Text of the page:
- Associated Press - Sunday, May 28, 2017

AIKEN, S.C. (AP) - During the 1830s, the South Carolina Canal & Rail Road Company built the Charleston & Hamburg Railroad, which ended in an area of South Carolina that later became Aiken County.

Because the 136-mile line was the longest in the world, the completion of its construction represented an unprecedented engineering feat.

Remnants of the railroad were found, examined and documented during a recently completed Cultural Resources Survey in Hitchcock Woods.

Some were the remains of an inclined plane, or funicular, which was built where a slope was too steep for the early locomotives to travel up and down safely.

Railings made of wood and rusting iron that were part of what used to be two parallel tracks lie partially uncovered in sandy soil, and there also are wood pilings that are still standing.

“I don’t know anyplace else at all quite like this, so it’s unique, basically,” said Bobby Southerlin of Archaeological Consultants of the Carolinas. “It was the most complicated part of the whole railroad basically. It’s the evolution of technology.”

The Hitchcock Woods Foundation contracted with Southerlin, who is based in North Carolina, and Carl Steen of the Diachronic Research Foundation in Columbia to conduct the survey in the winters of 2015, 2016 and 2017.

Hitchcock Woods covers approximately 2,100 acres and is one of the nation’s largest urban forests. The other discoveries made there during the survey’s three phases included Native American artifacts that were thousands of years old, a whiskey still and an intact pottery kiln that probably was built around the time of the Civil War.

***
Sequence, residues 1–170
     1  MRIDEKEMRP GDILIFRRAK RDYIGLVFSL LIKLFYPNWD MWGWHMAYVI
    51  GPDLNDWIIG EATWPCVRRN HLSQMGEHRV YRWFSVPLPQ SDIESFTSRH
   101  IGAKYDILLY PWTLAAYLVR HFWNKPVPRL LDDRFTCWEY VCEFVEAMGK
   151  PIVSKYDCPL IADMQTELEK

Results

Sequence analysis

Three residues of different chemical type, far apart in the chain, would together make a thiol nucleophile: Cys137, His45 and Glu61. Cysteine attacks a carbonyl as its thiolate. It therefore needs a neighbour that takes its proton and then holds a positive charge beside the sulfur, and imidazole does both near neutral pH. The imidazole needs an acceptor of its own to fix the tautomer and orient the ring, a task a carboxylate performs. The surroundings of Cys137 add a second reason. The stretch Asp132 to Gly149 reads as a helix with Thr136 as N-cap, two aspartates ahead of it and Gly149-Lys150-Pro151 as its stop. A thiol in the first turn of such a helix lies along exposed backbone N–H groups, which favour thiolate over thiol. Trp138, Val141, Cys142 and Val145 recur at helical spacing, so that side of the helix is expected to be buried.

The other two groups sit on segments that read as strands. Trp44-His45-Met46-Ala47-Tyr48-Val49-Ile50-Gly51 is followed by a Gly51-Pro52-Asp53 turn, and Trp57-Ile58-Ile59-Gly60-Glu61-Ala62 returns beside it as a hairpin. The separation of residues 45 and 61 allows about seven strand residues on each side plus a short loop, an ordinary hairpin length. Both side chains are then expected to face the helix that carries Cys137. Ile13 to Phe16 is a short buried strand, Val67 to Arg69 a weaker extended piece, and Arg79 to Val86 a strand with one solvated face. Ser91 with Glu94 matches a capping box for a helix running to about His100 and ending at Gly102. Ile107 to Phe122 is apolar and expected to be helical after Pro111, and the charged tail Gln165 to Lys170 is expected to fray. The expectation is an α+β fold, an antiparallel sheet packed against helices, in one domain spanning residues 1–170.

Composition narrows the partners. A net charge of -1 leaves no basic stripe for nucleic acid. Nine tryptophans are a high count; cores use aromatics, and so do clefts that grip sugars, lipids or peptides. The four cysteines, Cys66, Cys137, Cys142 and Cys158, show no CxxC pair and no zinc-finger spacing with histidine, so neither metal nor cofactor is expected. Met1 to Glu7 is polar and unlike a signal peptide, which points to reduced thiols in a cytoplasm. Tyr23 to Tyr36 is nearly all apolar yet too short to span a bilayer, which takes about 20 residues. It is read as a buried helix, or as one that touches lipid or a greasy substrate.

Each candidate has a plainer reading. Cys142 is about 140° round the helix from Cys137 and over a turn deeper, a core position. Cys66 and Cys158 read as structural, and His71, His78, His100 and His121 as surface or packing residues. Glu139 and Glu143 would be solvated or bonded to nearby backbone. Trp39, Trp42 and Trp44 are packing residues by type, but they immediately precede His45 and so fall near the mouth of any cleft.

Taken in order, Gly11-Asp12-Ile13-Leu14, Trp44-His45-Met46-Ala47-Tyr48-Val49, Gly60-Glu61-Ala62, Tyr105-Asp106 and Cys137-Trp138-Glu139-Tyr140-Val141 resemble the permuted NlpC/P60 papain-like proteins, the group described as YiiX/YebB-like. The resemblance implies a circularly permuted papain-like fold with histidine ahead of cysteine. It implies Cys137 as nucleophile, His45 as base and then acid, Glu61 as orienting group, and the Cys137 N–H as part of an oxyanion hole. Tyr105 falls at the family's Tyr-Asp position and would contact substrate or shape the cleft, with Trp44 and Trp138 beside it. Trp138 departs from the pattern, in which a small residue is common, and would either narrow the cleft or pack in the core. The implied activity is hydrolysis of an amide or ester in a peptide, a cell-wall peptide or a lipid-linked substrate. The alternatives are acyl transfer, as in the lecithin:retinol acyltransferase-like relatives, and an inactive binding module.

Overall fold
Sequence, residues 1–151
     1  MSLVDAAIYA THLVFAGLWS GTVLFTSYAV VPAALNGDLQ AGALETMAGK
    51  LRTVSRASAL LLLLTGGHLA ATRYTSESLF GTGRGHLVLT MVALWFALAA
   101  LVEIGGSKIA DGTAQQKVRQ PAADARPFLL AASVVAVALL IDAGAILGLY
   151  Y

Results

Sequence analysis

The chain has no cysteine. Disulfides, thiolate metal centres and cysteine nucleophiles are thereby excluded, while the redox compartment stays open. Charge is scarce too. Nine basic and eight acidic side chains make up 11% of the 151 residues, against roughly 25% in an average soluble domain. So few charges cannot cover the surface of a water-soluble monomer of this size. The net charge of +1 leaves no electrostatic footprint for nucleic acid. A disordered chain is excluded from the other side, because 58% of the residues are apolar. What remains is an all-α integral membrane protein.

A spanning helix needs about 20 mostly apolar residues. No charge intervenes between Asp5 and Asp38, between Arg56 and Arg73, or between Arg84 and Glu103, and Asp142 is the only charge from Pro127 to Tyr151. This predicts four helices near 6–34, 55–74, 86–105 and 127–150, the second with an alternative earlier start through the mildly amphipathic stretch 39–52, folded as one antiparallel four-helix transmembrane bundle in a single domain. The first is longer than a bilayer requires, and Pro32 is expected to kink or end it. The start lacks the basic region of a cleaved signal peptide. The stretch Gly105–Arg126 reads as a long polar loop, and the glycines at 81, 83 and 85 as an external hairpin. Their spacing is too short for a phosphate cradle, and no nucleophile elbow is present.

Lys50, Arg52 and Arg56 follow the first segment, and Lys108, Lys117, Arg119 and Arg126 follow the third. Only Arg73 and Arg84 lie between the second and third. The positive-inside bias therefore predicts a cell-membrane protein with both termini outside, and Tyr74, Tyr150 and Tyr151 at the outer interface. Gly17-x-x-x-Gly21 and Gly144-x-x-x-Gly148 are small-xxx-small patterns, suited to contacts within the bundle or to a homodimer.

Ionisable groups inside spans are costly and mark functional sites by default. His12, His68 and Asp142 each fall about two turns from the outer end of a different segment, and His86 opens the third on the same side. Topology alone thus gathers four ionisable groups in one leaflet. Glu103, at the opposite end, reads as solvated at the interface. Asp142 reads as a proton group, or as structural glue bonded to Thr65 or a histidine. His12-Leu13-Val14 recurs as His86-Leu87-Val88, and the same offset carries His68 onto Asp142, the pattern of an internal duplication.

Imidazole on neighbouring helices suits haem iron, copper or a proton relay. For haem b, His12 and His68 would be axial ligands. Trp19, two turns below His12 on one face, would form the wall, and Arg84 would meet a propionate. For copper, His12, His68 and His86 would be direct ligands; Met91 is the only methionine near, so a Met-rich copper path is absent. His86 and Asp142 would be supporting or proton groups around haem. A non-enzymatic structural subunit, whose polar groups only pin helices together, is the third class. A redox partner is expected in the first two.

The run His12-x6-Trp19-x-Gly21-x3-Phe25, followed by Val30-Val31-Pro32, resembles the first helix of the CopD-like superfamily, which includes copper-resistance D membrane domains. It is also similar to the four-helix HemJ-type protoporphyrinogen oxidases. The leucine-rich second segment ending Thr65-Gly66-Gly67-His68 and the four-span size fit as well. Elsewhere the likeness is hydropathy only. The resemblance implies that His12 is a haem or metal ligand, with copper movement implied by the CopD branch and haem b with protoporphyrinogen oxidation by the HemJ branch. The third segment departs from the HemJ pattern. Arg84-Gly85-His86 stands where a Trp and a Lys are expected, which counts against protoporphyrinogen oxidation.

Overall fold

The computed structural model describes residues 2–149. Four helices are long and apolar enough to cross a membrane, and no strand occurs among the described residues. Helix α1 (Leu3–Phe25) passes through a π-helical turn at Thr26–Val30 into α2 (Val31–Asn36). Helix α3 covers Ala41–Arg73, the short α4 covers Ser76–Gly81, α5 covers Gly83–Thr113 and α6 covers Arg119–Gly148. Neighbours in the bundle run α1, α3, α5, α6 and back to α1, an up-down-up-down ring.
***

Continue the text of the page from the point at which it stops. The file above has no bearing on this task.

While giving a brief tour to several people May 16, Southerlin took them to a site where a brickyard once operated after the group viewed the railroad rails and pilings. Then he took a quick side trip with one other person to the former location of a fire tower.

Where the fire tower once overlooked the longleaf pines, there now are only four concrete footings, which have iron bars in them. They formed the tower’s base.

Southerlin believes the tower was built in the early 1900s and might have had a wood frame and a metal roof.

“This is the highest point in Hitchcock Woods,” Southerlin said. “It (the fire tower) was sort of the beginning of the plan to take care of Hitchcock Woods.”

The Aiken Fire & Ornamental Brick Company began producing bricks and pipes, which were made of clay, in 1891 and was out of business by 1900, Southerlin said.

He pointed out places underneath the trees where there are a cistern and the crumbling foundations of structures that could have been kilns.

“There is a lot of brick debris all around here,” Southerlin said.

While conducting the Cultural Resources Survey, Southerlin, Steen and their team of workers studied maps and LiDAR images of Hitchcock Woods. They also made shovel test pits and carried out excavations to gather information and unearth historical objects for the Hitchcock Woods Foundation.

“Now that our Cultural Resources Survey is complete, our goal is to develop a management plan that will help us protect and preserve these areas and our rich Woods heritage,” said Courtney Conger, chairwoman of the Hitchcock Woods Foundation’s Historic Preservation Committee.

Southerlin is excited because the opportunities for more exploration and research abound in the approximately 2,100 acres of forestland.

“The survey was just the start,” he said. “Hitchcock Woods is like a big educational laboratory, and in the future, it would be ideal if the foundation would allow archaeologists to target the specific things they are interested in. I would like to continue studying the railroad independently. It is a personal interest of mine.”

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Information from: Aiken Standard, https://www.aikenstandard.com


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